Plan for good lighting design
Lighting can be your highest business energy cost – and your greatest opportunity for savings. Reducing heat output from your lighting can also reduce your air conditioning costs. Without proper lighting, productivity, safety, security and overall aesthetics can be compromised. Good lighting design contributes to employee comfort and health, which in turn can result in greater productivity.
Consult with a member of our Alliance of Energy Professionals for advice in planning an energy-efficient design geared to your building and your needs. Consult with your employees about comfortable lighting levels.
- Turn off lights when not in use
- Use task lighting when appropriate
- Replace lamps before they lose effectiveness
- Remove lamps that are not needed
- Retrofit your old lighting system to save energy and improve lighting quality
- Use high-pressure sodium or metal halide lamps for exterior lighting
- Use LEDs (light emitting diodes) for exit signs
- Switch to LED holiday lights
- Use compact fluorescent lamps
- Only light occupied areas of your building during cleaning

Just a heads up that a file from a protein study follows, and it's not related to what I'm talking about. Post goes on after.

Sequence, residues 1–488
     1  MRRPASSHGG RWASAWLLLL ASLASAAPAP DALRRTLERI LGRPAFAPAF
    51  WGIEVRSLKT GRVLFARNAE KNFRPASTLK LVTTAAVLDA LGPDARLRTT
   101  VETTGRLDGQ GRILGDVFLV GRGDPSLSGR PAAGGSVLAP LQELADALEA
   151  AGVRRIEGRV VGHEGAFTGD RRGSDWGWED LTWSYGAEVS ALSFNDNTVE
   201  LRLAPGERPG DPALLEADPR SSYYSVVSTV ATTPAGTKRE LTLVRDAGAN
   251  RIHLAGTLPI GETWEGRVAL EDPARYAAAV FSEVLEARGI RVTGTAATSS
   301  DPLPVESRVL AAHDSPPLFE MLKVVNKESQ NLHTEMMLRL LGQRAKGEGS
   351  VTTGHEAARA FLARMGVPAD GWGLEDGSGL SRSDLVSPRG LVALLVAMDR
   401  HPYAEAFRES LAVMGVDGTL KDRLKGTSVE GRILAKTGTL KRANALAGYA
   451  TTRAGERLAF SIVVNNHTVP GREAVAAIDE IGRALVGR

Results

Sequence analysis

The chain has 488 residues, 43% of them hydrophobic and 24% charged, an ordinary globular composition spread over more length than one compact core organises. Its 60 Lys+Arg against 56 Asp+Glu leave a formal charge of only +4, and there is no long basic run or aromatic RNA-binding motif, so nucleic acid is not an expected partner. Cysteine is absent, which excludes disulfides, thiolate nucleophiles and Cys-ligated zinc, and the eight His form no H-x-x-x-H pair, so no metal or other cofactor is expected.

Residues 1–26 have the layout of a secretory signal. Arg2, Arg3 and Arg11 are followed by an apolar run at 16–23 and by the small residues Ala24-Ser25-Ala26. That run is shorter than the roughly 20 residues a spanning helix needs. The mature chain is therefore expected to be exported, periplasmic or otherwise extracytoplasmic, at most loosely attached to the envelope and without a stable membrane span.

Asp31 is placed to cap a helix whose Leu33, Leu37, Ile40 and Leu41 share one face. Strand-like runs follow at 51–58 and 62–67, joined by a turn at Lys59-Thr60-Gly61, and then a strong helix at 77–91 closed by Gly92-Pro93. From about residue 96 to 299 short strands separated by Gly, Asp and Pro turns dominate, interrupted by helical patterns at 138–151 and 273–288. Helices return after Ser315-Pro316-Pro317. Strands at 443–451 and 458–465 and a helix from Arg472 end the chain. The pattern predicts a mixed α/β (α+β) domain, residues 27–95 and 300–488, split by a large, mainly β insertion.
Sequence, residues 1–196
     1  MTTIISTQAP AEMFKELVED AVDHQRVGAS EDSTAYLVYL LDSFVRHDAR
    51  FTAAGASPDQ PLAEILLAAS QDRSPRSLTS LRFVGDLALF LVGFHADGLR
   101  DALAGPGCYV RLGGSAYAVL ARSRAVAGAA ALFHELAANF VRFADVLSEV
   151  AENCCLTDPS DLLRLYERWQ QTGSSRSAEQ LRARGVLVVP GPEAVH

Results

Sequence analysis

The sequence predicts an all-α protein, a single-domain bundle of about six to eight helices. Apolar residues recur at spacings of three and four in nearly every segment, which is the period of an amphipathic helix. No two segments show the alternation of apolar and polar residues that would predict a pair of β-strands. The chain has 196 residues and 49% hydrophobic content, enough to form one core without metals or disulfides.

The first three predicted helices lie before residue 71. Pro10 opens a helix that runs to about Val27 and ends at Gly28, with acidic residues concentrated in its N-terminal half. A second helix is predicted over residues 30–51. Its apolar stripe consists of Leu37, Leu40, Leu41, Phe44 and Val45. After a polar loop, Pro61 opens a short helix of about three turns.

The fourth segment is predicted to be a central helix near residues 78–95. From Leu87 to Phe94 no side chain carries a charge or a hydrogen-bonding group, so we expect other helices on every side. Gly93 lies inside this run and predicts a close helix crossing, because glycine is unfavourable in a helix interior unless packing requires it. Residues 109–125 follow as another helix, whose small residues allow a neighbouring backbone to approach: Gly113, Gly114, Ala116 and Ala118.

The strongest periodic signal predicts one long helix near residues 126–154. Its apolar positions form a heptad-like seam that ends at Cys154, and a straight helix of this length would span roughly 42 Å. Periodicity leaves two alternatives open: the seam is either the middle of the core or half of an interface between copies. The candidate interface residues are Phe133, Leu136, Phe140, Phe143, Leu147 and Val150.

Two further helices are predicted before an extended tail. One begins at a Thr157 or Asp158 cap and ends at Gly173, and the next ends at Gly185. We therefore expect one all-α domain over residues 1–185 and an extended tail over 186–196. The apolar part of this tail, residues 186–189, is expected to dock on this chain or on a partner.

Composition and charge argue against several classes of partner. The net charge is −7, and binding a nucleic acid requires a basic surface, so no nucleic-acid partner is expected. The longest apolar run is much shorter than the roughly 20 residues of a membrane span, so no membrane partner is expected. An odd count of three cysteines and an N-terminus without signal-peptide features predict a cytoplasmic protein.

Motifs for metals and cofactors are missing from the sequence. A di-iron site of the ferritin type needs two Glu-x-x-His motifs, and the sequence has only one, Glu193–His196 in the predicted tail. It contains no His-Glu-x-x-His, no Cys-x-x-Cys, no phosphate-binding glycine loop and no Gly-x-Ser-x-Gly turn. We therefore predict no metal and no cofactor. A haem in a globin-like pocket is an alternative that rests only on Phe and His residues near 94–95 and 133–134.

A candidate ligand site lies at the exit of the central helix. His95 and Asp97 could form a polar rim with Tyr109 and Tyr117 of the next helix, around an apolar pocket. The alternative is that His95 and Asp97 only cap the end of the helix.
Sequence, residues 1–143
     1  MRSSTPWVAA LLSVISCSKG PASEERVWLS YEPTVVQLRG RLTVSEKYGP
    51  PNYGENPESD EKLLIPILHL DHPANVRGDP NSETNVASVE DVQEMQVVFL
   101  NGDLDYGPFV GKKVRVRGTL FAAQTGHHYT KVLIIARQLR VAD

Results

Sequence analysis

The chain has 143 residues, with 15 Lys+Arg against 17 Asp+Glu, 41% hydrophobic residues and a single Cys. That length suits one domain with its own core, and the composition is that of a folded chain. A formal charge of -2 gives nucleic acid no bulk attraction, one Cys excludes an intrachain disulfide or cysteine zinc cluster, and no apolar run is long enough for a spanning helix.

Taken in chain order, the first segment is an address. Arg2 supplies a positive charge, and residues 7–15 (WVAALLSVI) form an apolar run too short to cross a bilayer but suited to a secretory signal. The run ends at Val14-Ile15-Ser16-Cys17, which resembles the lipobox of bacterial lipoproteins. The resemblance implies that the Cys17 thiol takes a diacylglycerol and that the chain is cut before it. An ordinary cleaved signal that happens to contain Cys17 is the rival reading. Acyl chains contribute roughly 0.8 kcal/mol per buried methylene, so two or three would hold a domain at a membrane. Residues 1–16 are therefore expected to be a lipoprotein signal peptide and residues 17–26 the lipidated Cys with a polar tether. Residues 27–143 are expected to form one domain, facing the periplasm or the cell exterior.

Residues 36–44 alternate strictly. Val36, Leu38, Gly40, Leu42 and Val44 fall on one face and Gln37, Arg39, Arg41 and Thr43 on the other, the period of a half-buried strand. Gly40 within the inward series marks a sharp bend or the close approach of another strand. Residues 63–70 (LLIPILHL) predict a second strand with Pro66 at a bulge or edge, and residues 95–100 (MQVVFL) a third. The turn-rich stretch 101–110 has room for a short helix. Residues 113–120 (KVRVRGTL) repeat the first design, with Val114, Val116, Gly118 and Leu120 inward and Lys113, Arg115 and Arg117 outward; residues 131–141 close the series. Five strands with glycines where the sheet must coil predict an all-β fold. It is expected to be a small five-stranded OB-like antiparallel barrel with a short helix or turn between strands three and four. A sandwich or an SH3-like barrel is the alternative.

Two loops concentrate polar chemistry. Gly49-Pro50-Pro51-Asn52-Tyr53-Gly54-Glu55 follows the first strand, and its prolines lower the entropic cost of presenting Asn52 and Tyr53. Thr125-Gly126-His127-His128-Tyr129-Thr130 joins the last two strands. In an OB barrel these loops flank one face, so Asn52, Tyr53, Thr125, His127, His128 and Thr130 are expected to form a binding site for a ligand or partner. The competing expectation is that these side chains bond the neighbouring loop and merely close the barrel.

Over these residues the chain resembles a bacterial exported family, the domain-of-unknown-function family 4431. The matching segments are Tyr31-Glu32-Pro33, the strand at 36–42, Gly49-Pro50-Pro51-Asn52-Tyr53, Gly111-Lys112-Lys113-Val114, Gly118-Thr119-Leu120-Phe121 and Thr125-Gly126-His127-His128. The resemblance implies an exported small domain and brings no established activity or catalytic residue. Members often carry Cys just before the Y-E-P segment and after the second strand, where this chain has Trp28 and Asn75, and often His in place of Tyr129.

- Improve interior surfaces' reflectance
- Use timers or photocells for outdoor security and parking area lighting
- Install dual switches and dimmers
- Adjust lighting levels to match needs at different times
- Label electrical switches
- Use motion detectors and lighting reflectors
- Clean and inspect your lighting systems regularly
- How energy management programs can help
- Lights should be turned off whenever an area is unoccupied, including unused common areas such as copy rooms, break rooms, conference rooms and restrooms.
- If your lights can be controlled separately, turn off lights whenever there is enough natural light.
- Post reminders next to light switches or install occupancy sensors to keep lights off in unused areas. Occupancy sensors turn off lights automatically when space is unoccupied saving about 25% of the lighting energy.
Instead of using ceiling fixtures that light entire rooms, use compact fluorescent task lighting.
The light output of a fluorescent lamp decreases as it ages, yet the same amount of energy is consumed to produce this lower level of light.
To eliminate this inefficiency, consider group relamping or replacing all the lamps in an area at the same time and near the end of their useful life. In doing so, you can:
- Cut replacement labour costs
- Reduce work interruptions